The acid rain

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A broad term referring to a mixture of dry and wet deposition from the atmosphere containing higher than normal amounts of nitric and sulfuric acids is acid rain.[1] Acid Rain is one of the most dangerous nature disasters that could happen in places that has more than normal amount of waste and CO2 in the atmosphere. Moreover, most people hear about acid, however do they know what it is really in chemistry or do they know biologist point of view toward acid rain and what are its consequences for living things and economics? During this essay, I will try my best to demonstrate deeply about acid rain and try answering these global questions.

According to what I said before, the main source of acid rain comes from the sulphur dioxide (SO2) and nitrogen oxides (NOx). In the United States, approximately 2/3 of every SO2 and 1/4 of every NOx comes from electric power generations that rely on burning fossil fuels, such as coal. Furthermore, acid rain occurs when these gases react in the wide atmosphere with water (H2O), oxygen (O2), and other chemicals in which they can form very acidic compounds. In addition to that, sunlight increases the percentage of most of these reactions. A result becomes of sulfuric acid and nitric acid.[2]

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Adding to the fact, acid rain is measured by a scale called "pH". The lower the substance is, the more acidic it is. [3] So a pH is a scale that measures how acid or base a substance is. Its limits of accuracy are between 1 and 14. 7 is the neutral part of the pH. A pH less than 7 are acidic and any pH greater than 7 is basic. Furthermore, each pH is ten times acidic than its previous one. To the matter of fact, a pH of 5 is ten times acidic than the pH of 6 and a pH of 10 is ten times basic than a pH of 9.[4]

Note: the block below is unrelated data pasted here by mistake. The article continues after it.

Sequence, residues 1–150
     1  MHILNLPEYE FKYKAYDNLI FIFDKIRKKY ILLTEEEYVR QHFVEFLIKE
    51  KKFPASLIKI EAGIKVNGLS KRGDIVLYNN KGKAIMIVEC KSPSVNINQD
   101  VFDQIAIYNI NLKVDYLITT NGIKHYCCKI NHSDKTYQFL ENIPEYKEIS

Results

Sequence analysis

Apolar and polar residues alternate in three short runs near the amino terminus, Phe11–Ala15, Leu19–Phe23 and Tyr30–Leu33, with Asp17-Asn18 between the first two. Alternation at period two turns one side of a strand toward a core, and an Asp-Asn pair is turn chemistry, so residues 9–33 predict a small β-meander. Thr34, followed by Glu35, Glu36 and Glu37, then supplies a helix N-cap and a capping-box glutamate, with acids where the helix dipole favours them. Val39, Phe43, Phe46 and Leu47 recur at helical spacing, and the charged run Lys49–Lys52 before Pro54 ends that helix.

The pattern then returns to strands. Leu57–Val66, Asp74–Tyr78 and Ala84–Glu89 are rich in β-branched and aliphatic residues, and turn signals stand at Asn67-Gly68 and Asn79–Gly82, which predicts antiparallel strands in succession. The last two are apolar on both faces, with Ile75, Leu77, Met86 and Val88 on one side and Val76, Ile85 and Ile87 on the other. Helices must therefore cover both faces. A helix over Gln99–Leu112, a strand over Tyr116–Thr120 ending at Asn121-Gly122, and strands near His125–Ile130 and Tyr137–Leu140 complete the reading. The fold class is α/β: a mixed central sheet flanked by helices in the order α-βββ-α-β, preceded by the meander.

As a result to what I said before, there are wide range of danger consequences toward the soil and the trees of our daily live plants. For instance, the soil may neutralize some or all the acidity of the acid rainwater then get it purred into lakes or rivers. The ability of the soil in which it changes its pH is called buffering capacity. Soil pH would change rapidly. In the other hand, acid rain doesn't kill the tree directly; however it weakens the trees by damaging its leaves, limiting the nutrients available to them, or poisoning them by toxic materials, such as aluminum, from the soil. Once the trees are week, they could be more harmed and affected by diseases or insects that eventually could kill them. Also they could be put in danger by cold weather.[5]

Actually, these dangers could affect us as human negatively. According to that, if the soil and had got damaged, and farmers still grow crops as to sell them to the market and let us eat them, we will eat them and get harmed OR, if we knew that this particular food contains lots of bad on unhealthy chemicals that could affect our body, starvation will grew, and human beings will not know what to eat as to overcome their body needs. Conversely, many aluminum ions will be absorbed by the trees, making them defoliate and die. The human will then pick the dangerous trees and burn them, making more pollution. As a result, when we make more pollution, with are circulating the process of acid, so is there any solution?[6]

Furthermore, aquatic systems are considerably the most important structures in our lives, so when other chemicals and materials harm them, they could harm an entire community. A fact about this is when many fish die on spring time due to insufficient acids, birds will stop eating the fish because it is toxic. Acids could kill the fish offspring's. In addition to that, the acidic water system could affect us by swimming in diseased lakes. It also rusts the pipe in which it flows through, and needs extra care to be cleaned. Last but not least, some signs could show the acid rain, such as dead or dying trees, no fish in water, and smell of rotten egg (sulfur).[7]